The eagle’s not quite lumpy enough to be a true aesthetic affront, but it looks indelicate and artless. The big bird’s stylized wings are okay but the eagle’s body foreshortening is a bit off, resembling a less intrepid foul. It’s paltry, too close to poultry.
There’s a nearly identical item in the online marketplace branded Montres Carlo selling for almost twice the price. If not coming from the same Chinese factory, somebody is sharing dies. The crowns are different, not only between colors, but from the store brand item. Otherwise, it looks the same to me.
The GEORGE pocket watch is also available in gold tone under a different listing, which only shows the front, closed. That was the only one I saw before purchase, so I was in for some surprises.
[As mentioned in the Casio F-91W review, Walmart is no Amazon. Search using the exact item description used for an item listing and it won’t come up again. Luckily, Walmart is no ace at clearing out store inventory. Three years ago people were finding new in box Nokia bricks still for sale, so I’d bet the GEORGE pocket watch will be collecting dust on shelves for a good while.]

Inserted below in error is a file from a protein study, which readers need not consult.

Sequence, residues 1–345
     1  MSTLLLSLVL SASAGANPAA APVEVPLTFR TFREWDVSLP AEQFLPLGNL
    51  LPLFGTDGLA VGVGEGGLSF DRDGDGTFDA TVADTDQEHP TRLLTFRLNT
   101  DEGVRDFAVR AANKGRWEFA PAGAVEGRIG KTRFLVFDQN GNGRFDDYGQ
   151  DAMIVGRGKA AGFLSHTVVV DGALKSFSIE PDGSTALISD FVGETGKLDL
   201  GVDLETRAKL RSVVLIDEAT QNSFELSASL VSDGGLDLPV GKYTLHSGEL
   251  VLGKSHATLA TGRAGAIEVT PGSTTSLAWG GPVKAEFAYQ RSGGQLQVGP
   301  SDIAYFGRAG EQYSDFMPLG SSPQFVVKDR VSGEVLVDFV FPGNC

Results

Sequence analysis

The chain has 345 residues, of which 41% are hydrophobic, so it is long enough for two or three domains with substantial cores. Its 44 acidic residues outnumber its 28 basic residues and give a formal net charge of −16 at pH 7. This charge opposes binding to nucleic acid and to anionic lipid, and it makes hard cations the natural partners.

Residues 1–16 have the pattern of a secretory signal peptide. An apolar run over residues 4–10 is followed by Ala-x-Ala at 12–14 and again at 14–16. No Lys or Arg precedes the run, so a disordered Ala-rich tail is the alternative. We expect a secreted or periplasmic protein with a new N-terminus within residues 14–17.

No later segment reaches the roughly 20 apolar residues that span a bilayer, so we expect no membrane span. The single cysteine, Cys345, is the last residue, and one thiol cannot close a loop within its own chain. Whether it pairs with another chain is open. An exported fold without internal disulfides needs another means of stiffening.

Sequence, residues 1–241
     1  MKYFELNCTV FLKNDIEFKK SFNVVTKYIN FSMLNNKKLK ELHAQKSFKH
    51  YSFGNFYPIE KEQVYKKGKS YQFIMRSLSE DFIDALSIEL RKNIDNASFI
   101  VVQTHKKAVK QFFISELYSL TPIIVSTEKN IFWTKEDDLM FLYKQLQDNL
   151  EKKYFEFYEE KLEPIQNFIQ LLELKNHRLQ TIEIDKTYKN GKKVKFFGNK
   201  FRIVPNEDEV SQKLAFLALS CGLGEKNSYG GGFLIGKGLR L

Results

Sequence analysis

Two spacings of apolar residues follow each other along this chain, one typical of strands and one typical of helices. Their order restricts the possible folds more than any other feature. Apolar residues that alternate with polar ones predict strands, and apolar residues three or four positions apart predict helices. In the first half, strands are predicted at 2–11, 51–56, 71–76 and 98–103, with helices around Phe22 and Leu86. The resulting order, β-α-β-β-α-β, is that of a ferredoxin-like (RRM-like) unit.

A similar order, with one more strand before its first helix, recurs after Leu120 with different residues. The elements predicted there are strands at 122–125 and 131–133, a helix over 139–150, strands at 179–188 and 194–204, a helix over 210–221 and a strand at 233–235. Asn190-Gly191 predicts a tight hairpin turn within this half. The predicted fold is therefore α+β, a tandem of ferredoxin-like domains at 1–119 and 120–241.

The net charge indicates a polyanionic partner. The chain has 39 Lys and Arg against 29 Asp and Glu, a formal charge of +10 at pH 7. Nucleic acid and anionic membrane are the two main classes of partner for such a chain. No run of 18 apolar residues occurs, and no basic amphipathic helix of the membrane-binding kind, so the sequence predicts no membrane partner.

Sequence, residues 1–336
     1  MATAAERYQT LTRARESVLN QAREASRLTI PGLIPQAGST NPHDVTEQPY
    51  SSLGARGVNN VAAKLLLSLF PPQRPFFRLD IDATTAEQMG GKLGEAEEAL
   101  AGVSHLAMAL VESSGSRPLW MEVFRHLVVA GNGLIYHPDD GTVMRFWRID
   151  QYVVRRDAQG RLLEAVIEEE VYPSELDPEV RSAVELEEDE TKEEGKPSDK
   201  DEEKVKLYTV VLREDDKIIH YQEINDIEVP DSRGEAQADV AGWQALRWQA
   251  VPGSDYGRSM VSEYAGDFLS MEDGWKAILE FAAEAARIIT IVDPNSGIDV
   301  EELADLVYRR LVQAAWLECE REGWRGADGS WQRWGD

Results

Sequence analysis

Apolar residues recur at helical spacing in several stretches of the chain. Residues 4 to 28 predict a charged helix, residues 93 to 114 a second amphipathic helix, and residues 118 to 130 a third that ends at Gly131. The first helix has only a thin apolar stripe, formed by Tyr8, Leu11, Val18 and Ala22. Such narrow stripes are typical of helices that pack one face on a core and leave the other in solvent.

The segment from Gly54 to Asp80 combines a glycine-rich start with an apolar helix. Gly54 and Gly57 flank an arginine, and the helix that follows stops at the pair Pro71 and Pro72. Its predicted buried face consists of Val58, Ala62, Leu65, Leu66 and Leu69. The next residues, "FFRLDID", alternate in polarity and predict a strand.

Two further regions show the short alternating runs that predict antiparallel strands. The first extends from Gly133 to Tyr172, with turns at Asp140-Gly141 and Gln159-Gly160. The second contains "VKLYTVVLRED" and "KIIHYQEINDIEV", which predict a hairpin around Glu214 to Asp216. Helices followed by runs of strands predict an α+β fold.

The display box doubles as a gift box. If you open it with the branding facing up, the watch inside will be upside down. Either they cared more about shelf appearance from the rear, couldn’t read English, or just some chabuduo.
I was expecting a plain caseback, but the GEORGE pocket watch features a surprisingly traditional bit of engraving, thankfully not raised like the front.
The included chain is unobjectionable, with links reminiscent of ID bracelets. The hook that attaches to the watch is clearly that craft store piece on which summer camper start braiding their lanyards, with a little decorative fake wrapped trim piece on it.
There are swivels on each end and the little quarter scale money clip hook that one hooks to the buttonhole on their vest (waistcoat for the Anglophiles) or … uh… belt or pants pocket edge? Hey RF, how does this work?